With security attempting to close the gap between development and testing in terms of testing frequency, tools are becoming more standardized for each development organization. There are numerous tools available, some of which are free and open source, while others are commercial, off-the-shelf products that are all attempting to compete in some way. This also means that customers and procurement organizations face a bit of a struggle to find a tool that meets their needs, which is why there is a lot of emphasis on implementing open source solutions, as they are a good starting point for many and have de-facto become the standard internally. This has both a beneficial and detrimental effect.
The advantage of this is that you will quickly have a tool at your disposal for performing the necessary security checks. However, the disadvantage is that security rules are frequently out of date or are maintained by a small number of individuals, putting you at risk of missing out on the latest security threats on the market.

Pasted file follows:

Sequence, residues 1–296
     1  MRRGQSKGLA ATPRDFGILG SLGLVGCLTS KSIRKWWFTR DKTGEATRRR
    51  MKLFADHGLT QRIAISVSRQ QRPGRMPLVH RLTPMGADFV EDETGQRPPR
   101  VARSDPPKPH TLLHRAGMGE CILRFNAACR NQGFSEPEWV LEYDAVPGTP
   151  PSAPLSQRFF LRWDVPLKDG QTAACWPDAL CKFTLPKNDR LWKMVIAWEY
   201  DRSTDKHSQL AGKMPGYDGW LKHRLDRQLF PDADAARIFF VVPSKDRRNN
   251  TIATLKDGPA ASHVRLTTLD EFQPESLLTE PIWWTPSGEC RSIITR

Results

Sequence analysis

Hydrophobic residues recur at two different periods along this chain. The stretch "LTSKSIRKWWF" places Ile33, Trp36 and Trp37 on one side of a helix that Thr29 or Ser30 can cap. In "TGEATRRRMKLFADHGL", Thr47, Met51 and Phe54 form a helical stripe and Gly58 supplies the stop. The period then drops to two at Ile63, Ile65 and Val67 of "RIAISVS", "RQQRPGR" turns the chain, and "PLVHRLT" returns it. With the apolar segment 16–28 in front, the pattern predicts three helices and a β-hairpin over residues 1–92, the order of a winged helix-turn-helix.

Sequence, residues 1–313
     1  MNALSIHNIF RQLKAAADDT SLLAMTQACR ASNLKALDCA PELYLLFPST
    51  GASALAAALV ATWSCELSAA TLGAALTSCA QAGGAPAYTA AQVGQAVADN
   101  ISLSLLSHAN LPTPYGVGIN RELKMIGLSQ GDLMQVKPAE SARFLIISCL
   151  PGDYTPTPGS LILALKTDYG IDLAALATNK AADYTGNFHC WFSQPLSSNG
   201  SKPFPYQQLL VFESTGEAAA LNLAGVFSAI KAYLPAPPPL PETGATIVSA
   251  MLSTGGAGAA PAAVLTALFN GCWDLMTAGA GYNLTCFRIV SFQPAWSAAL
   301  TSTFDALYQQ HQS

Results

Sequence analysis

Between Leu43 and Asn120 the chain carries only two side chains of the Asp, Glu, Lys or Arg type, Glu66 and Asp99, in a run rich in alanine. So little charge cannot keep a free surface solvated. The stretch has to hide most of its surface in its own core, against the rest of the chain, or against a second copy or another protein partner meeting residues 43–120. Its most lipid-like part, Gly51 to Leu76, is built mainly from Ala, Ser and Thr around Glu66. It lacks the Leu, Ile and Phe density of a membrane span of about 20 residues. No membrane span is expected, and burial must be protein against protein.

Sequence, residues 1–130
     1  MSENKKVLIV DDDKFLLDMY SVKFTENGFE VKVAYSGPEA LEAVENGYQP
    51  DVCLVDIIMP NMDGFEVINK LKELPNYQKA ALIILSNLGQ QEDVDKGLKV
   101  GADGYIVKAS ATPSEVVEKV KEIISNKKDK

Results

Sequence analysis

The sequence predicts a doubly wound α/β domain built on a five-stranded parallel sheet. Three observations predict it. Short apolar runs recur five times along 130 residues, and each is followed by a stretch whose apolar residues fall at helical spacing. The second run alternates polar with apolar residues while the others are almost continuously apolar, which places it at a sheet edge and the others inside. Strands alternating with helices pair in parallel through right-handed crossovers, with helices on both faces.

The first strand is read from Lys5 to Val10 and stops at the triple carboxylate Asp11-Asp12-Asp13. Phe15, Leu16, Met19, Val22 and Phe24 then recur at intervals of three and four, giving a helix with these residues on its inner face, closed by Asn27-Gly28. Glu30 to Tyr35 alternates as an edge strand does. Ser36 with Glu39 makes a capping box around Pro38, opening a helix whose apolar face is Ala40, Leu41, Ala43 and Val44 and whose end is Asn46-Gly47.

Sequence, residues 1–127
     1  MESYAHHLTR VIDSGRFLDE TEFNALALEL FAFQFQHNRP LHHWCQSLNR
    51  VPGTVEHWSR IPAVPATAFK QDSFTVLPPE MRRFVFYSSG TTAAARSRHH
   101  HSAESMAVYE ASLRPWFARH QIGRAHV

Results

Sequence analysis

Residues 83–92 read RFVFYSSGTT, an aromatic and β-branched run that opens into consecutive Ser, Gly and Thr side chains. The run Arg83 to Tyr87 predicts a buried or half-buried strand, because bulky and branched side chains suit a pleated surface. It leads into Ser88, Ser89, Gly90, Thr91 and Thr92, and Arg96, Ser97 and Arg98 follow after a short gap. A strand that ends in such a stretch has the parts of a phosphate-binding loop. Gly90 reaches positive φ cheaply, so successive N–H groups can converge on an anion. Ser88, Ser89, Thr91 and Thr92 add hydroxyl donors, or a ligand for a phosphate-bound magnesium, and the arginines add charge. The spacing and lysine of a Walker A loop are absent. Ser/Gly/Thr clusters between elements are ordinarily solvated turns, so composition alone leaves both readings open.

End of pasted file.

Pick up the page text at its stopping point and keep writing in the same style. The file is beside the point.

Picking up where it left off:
Regardless of the tools chosen, one fundamental requirement that will be prevalent in 2021 is that the tool of choice must be able to integrate with your CI/CD pipeline, automate security testing, and provide feedback on critical and high severity vulnerabilities, such that the pipeline build will prevent the deployment to production if security requirements are not met. This is critical in 2021, as you want to automate as much of the CI/CD chain as possible.
Generally, any COTS vendor will endorse this approach and provide constructive feedback to the development teams. It is critical that developers receive notification of a security issue and immediately begin resolving it, as this is the only way to improve the overall quality of the software deployed. The goal here is to automate as much as possible from the DevOps perspective, while also adding security to the equation.
However, even if much of the security assessment process is automated, there is still a need for auditing the results of an automated scan. A security auditor is responsible for a variety of tasks, including flagging an issue as relevant and a genuine defect, while other issues discovered may be flagged as irrelevant or even a false positive. And it is within this complexity that much of the complexity associated with security testing and verification exists; even if the process of performing security tests is automated, manual work on identified issues must still be performed. And that requires both time and expertise.
To verify these issues as a security auditor, you must be skilled, quick, and add value to the project. When we consider the fact that the number of developers far outnumbers the number of security auditors, we see that this equation is doomed to remain unresolved.